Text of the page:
The VTNE is a detailed test that is administered by the American Association of Veterinary State Boards (AAVSB). The VTNE is a detailed and in depth test that evaluates the candidates ability to understand both the academic and practical aspects of the veterinary technician’s duties. A candidate must have a score of at least 425 in order to successfully pass the VTNE.
The AAVSB does not generally permit students to take the test more than five times without specific permission. For this reason, candidates should review all the information about the test and be certain that they are fully prepared before signing up with the AAVSB to take the VTNE.
The State Board Jurisprudence Exam
The jurisprudence exam, unlike the VTNE is not primarily focused on the practice of the vet tech, but on how that practice interacts with the laws of Maryland. In order to successfully pass it, the veterinary technician must fully understand the nature of the laws regarding his or her profession in Maryland.
Applying for the Veterinary Technician’s License
After all of these steps are successfully completed, the candidate may apply for a veterinary technician’s license, which allows him or her to practice in Maryland. In most cases, the test and school results must be sent directly to the state by the school and the AAVSB, rather than being provided by the candidate.
Continuing Education Requirements
After becoming a licensed vet tech, the professional must continue to take continuing education (CE) classes in order to remain up to date with the current practice of veterinary medicine. Maryland requires that the student have taken at least 24 semester units of CE every 36 months in order to successfully renew his or her license. These courses must come from approved programs in order to count as a part of the vet techs CE.
Veterinary Technicians and a Career in Maryland
The Bureau of Labor Statistics (BLS) states that the veterinary technician’s profession currently is enjoying above average growth. With the potential to secure a long-term and dependable career that is also valued by the community, the veterinary technician is a profession that is very promising for new members, especially in today’s economic environment.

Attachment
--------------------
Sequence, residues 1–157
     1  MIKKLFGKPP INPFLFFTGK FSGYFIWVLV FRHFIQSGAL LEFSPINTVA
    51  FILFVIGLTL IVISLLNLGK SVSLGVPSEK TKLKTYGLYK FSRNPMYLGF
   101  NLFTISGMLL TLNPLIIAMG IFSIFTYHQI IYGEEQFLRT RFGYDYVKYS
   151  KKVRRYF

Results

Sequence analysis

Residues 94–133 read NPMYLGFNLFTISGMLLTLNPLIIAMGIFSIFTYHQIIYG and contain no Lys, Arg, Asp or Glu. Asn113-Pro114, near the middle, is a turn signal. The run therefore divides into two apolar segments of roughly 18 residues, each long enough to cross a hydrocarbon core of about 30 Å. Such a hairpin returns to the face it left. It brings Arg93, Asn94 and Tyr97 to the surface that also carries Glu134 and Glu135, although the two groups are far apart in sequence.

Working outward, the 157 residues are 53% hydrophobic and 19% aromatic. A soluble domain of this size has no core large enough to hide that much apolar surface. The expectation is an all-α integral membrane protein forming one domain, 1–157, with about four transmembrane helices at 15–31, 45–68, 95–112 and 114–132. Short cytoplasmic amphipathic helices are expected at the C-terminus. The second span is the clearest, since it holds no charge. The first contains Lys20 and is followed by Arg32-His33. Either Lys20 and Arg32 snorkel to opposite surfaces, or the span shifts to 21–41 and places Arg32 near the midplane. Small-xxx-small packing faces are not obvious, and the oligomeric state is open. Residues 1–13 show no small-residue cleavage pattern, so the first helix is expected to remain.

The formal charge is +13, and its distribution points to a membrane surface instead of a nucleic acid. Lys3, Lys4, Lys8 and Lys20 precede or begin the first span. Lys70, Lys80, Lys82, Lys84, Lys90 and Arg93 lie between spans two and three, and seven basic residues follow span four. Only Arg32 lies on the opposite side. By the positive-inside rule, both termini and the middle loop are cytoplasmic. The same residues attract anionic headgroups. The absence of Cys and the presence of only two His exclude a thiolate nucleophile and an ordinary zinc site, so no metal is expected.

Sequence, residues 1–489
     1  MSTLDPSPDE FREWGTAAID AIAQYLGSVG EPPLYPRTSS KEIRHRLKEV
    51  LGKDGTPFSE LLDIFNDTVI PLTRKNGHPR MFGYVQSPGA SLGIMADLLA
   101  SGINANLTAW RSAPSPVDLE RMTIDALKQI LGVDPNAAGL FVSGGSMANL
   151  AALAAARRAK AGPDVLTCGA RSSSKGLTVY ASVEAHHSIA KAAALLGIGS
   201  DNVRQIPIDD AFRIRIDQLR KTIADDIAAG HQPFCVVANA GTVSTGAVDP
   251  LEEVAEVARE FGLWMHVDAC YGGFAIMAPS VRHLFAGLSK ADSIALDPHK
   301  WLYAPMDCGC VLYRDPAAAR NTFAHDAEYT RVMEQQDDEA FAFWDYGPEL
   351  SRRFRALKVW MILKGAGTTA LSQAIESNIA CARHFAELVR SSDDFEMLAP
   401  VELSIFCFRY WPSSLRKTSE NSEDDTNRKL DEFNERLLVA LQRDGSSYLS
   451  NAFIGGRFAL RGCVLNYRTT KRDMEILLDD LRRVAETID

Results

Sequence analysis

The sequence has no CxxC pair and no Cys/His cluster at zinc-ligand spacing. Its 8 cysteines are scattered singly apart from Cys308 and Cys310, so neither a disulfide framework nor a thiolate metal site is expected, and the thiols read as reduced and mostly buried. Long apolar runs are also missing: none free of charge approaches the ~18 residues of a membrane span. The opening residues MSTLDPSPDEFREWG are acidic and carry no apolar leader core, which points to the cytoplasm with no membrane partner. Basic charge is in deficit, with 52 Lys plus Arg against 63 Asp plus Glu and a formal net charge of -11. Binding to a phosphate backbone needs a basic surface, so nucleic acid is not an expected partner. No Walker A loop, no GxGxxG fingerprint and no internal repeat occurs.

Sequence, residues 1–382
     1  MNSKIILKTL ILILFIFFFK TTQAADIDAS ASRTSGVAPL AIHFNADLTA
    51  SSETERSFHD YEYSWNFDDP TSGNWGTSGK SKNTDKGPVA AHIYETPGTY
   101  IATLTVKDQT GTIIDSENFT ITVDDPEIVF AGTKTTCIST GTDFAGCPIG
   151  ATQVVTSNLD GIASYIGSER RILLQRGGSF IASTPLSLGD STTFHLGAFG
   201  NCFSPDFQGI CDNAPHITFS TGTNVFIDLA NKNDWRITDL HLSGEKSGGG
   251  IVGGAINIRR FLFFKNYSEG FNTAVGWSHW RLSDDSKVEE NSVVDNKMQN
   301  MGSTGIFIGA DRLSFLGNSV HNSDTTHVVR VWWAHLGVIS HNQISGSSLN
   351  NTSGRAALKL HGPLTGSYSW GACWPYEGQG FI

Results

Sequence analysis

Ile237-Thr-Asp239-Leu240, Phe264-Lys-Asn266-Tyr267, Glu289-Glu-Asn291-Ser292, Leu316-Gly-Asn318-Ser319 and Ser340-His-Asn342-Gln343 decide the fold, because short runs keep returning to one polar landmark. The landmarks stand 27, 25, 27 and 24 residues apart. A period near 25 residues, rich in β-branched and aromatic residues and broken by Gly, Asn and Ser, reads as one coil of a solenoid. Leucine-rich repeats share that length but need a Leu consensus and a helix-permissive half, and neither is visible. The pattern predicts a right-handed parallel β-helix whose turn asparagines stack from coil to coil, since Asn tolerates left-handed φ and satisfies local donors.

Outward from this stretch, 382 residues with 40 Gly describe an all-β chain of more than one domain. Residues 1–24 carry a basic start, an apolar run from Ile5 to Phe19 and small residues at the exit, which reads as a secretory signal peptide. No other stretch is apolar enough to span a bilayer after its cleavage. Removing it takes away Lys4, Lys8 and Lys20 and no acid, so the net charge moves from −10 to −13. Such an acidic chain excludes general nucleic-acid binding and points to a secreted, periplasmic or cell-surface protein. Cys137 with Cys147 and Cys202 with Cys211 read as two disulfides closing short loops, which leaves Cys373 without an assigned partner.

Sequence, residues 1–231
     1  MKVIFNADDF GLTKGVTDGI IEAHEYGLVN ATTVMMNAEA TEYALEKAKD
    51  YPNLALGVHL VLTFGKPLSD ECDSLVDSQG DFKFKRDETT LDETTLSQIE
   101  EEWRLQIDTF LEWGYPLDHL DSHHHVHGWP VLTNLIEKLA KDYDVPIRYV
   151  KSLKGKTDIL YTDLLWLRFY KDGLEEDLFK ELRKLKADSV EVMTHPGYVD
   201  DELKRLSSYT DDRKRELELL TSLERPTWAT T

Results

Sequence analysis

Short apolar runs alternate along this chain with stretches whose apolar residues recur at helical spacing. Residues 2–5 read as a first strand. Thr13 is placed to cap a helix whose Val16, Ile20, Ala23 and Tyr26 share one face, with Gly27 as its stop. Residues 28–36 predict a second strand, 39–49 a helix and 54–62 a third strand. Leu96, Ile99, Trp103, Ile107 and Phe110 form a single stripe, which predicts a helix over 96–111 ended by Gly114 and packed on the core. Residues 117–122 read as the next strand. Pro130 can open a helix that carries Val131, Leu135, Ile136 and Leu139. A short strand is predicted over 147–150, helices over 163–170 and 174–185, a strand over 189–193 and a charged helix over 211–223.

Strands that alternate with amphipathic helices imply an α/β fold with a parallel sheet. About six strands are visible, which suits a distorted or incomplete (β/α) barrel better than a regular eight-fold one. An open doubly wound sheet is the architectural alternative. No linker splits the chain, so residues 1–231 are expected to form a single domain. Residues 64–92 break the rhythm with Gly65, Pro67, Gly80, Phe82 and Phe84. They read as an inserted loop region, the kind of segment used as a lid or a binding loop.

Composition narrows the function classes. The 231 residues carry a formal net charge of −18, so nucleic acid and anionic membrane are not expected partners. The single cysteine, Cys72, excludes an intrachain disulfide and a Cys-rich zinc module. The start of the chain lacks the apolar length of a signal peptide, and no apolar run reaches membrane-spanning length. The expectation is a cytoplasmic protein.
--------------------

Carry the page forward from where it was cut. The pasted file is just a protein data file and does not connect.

A Selection Of Vet Tech Programs In MarylandAnimal Behavior College offers affordable, flexible programs for busy professionals interested in animal careers. We offer hands-on experience in over 400 locations nationwide.
- Veterinary Assistant
- Certified Dog Trainer Instructor Course
- Grooming InstructionPenn Foster offers affordable, self-paced career-focused distance education programs in fields like business, criminal justice, health services, technology, engineering, paralegal studies and more.
- Veterinary AssistantGet the hands-on training and skills it takes to succeed with Ashworth College, a respected, worldwide leader in distance education. Study at the times and places most convenient for you.
- Veterinary Assisting
Kaplan University is focused on recognizing the achievements of military and veteran students and offers the flexibility of an online education. Eligible students can receive college credit for prior military experience and coursework—up to 75 percent of the credit needed for a Kaplan University undergraduate degree.*
- Veterinary Food Inspection Specialist